That is a change.  We started to feel a little shift coming in the New Democratic Party position, from mothballing now to saying the environment is No. 1.  There must have been some shifting in the political winds.  It must have been something for the opportunism of the Leader of the New Democratic Party.  Here is what he further said, and this is November 15 of 1990.  He is asking the minister:  Will the government assure us that there will be no construction until all licences that are necessary are issued provincially and federally?

     What licences did the New Democratic Party have in place for the building of Limestone, for the building of the any of the dams that he was involved with?  Absolutely none.  We have now seen again, in the Interlake Spectator in August of 1991, in response to the Cree seeking an injunction to block the Conawapa project, NDP Leader Doer replied that he favoured a comprehensive review of all Hydro damages now, in the last 30 years.  As well, as thorough an assessment of Hydro projects that could be constructed in the next 30 years.  He totally changed his attitude.  We do not disagree with the environmental process.  In fact, we put it in place, but when you say you want jobs and economic development, you are denying the people of Manitoba and the North those jobs, if you do not start to realize the importance of Hydro and its development if we follow the proper process.

     I challenge the member for Thompson (Mr. Ashton), The Pas (Mr. Lathlin), Rupertsland (Mr. Harper) and Churchill.  I challenge the member for Flin Flon (Mr. Storie) and also the member who used to live in Churchill.  What is his position? Well, I will tell you what his position was.  Let us go to the position of Mr. Hickes.  This was the position of Mr. Hickes:  I want to ask the Minister of Energy and Mines, considering his personal views on affirmative action, what consultation and planning is now going on to ensure northerners get these opportunities again with Conawapa.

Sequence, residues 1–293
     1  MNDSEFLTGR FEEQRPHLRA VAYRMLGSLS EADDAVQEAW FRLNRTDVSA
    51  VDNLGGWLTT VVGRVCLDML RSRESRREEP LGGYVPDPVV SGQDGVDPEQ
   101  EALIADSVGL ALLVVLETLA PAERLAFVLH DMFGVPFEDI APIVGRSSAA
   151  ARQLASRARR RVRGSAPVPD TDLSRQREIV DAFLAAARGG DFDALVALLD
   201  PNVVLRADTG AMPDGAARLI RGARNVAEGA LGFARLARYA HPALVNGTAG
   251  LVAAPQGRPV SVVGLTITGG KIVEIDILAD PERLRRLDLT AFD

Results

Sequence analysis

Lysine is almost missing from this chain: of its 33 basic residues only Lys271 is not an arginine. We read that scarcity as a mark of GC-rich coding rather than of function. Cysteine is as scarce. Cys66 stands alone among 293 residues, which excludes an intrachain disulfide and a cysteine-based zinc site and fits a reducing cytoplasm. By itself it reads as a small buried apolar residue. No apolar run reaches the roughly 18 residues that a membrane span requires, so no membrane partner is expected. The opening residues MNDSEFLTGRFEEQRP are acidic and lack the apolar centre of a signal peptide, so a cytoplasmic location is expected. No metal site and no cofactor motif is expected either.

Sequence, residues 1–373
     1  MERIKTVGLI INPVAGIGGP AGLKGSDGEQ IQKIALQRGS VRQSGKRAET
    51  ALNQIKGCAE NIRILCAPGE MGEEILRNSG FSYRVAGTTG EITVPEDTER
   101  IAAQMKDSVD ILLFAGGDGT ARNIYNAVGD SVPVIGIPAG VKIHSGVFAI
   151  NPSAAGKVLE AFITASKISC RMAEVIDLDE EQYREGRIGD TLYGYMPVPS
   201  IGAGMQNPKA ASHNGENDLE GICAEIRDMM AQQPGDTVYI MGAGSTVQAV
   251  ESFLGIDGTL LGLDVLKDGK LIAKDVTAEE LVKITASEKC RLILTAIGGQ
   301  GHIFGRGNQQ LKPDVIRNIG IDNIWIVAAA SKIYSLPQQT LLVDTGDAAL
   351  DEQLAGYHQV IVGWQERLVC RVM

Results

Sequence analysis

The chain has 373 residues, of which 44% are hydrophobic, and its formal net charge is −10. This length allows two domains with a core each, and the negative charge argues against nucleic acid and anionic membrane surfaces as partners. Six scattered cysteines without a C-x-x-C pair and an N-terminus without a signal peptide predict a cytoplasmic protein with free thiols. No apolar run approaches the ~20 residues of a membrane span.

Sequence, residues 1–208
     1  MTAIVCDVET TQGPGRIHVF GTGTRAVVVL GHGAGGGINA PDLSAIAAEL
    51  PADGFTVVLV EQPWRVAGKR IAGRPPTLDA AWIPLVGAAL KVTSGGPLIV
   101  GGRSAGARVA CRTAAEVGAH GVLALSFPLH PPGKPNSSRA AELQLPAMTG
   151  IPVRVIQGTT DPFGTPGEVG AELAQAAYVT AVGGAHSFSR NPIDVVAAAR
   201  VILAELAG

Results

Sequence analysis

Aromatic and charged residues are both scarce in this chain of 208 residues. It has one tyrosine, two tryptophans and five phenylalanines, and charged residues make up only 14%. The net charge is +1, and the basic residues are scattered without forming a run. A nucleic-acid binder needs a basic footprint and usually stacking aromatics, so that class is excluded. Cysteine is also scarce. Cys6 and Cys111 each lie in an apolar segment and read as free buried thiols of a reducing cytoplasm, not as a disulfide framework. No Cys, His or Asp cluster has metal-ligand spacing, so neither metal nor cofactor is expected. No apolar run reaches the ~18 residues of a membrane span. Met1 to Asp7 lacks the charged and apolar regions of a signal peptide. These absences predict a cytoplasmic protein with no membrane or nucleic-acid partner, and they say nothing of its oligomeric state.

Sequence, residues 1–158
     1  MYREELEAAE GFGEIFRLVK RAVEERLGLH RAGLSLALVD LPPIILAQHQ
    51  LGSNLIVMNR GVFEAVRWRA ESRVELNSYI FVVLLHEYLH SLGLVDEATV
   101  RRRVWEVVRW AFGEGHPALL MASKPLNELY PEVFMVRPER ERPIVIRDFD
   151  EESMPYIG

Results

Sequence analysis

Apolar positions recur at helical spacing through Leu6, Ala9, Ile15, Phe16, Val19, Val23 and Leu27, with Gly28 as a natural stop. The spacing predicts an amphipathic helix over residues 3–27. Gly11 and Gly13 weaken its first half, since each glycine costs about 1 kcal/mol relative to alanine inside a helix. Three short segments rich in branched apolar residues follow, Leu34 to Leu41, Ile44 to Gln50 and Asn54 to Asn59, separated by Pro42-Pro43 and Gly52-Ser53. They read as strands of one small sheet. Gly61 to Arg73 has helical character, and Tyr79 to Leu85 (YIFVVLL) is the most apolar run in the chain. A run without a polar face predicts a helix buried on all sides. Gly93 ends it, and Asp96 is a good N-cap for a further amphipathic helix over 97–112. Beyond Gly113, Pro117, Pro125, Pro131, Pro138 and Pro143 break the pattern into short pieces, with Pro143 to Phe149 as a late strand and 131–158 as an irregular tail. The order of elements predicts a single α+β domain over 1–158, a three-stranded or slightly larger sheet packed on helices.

He wants his people to have‑‑the question was put directly, NDP MLA Mr. Hickes, who is the NDP Energy critic who voiced his support for Conawapa during the 1990 Budget Debate.  He said, when the question was put:  yes, I do support it.  You see, an honest man.  The member for Flin Flon (Mr. Storie), what did the member for Flin Flon say in July 1988?  I hope that the new Minister responsible for Hydro, meaning Mr. Neufeld, and the new chairperson of the Manitoba Hydro will not let the opportunity pass to continue to develop our hydro resource.

     The bottom line is this.  The members from northern Manitoba had the opportunity to stand up and be counted.  If they want jobs, if they want people working, this is their opportunity. Let the member from the Interlake (Mr. Clif Evans) stand up.  Let them come before the environmental process and have their concerns be known, but let them be people enough to stand up and say, there are jobs, it is the right thing to do if we want our economy growing.

     It is time to challenge their Leader.  Are they going to take the side of the northerners and the Natives for job creation and economic development, or are they going to say, we are not prepared to stand up and live up to our beliefs?

      Mr. Acting Speaker, I can assure you that there is a proper process in place.  We expect it to be followed but we expect‑‑

The Acting Speaker (Mr. Laurendeau):  Order, please.

Mr. Downey:  ‑‑the Leader of the New Democratic Party (Mr. Doer) and the members of his party to stand up and be counted when it comes to the important issues in this province.